Sunday, June 14, 2020

Weekend Review: Print Pattern Sew

Print Pattern Sew / Jen Hewett 
Boulder, CO: Roost, c2018
176 p.
When I refashioned an old dress into a cute cap sleeve top last month, from a pattern in the book Print Pattern Sew by Jen Hewett, I realized I'd never reviewed the book, only mentioned once that I was reading it. Since I enjoyed it, it's time to remedy that!

It's a nicely balanced book -- the first half is about printing. Hewett talks about how to  make a design, carve it, and print it onto fabric. And she also discusses issues that arise when you are printing in order to sew it into something else -- different ways to lay out a print, scale, colours and so on. If you've never printed anything before (my experience of this book) you will feel that it really isn't so hard after all! Everything is so well explained, step by step, with lots of photos and recommendations for products.

Hewett's expertise and love of printing comes through clearly, and the instruction is really inspiring. There is even a little gallery of prints to inspire you.

photo via publisher
The second half of the book goes over projects that you can use your printed yardage for. You could start by deciding on a project and just printing the fabric required for the pattern, or use previously printed yardage and sew it up. Or just use the patterns alone, as I did for my recent upcycled blouse.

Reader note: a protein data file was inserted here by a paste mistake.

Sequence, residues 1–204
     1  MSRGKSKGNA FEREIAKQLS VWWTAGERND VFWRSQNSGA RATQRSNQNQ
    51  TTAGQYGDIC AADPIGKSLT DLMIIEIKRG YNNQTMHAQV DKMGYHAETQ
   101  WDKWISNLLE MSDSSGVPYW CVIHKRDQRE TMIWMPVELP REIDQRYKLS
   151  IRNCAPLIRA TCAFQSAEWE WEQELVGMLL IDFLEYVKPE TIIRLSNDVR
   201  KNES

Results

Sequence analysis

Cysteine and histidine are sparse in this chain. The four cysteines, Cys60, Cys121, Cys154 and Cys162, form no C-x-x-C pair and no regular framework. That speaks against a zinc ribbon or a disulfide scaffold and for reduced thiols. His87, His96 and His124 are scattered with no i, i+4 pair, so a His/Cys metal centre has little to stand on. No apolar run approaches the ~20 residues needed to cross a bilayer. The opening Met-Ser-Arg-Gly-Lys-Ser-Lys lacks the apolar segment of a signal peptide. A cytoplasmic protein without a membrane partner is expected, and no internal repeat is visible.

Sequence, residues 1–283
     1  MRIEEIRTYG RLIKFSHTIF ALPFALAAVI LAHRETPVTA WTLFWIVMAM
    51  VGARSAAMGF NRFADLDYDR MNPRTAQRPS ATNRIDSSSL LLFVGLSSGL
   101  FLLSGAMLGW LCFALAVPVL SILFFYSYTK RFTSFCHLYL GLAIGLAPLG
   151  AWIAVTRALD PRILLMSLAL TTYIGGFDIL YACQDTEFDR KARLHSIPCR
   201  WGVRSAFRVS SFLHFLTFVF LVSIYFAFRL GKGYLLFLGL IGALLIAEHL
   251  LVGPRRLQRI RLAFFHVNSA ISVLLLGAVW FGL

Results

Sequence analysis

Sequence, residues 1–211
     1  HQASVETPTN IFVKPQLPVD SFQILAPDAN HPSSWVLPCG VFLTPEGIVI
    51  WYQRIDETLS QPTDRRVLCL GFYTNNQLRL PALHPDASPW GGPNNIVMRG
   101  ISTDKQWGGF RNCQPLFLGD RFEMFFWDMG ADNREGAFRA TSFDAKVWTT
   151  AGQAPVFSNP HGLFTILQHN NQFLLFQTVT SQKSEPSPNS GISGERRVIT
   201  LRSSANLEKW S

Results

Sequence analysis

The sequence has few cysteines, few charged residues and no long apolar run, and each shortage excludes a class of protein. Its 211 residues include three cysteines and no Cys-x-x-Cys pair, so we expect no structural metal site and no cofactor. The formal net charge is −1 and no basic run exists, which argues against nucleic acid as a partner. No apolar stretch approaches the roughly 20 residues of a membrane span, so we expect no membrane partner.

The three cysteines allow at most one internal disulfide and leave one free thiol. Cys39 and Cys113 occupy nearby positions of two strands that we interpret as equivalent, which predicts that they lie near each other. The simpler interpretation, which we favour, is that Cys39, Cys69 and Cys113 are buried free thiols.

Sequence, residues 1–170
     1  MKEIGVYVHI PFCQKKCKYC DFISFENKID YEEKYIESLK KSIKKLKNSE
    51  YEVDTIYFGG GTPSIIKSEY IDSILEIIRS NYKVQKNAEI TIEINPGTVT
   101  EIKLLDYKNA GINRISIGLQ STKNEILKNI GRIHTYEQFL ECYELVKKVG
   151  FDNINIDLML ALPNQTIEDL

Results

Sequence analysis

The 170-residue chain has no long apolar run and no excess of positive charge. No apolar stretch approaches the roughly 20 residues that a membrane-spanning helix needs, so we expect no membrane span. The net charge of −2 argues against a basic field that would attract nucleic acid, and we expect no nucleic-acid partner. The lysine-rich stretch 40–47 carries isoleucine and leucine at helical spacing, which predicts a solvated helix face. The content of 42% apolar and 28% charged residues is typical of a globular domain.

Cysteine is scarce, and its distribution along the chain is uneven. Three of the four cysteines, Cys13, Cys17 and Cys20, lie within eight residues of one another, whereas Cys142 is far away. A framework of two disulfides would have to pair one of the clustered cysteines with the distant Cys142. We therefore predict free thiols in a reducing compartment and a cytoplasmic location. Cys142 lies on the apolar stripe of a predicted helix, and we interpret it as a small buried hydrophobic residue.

There are 7 simple patterns for accessories -- scarves, apron, espadrille toppers, and bags -- then a set of clothing patterns. They comprise a skirt and two patterns that can be made into tops or dresses depending on length choices. There's a cap sleeve pattern (grown on sleeve) or a short sleeve pattern. They are similar but different enough to give a different look to each project. I thought that they were simple and easy patterns, and the step by step instructions were very clear to me, but if you have never sewn any clothing at all before you may find it a little more challenging.

The Cap Sleeve Top pattern I used is on the left
photo via publisher
In any case, this book feels full of energy, and like two books in one -- there is so much printing info you could work with it for ages -- and then the pattern bits can be used on their own with your stash even before you get to your own printing. Great value, and a sense of lightness and encouragement throughout mean that it is a satisfying read all around.

To get a look at the table of contents and some interior pages yourself, including photos and how to get ready to print, check out the publisher's "look inside" link. 


  1. I must say I'm a bit intimidated by the idea of fabric printing - not because of ability or complexity, but because I think I would have to buy a lot of new supplies. I should probabably take a look at this book to see if there's a minimal way to start.

    1. I agree -- it's the idea of buying new supplies and then finding space to work in that is holding me back. The projects and instructions seem reasonable otherwise!


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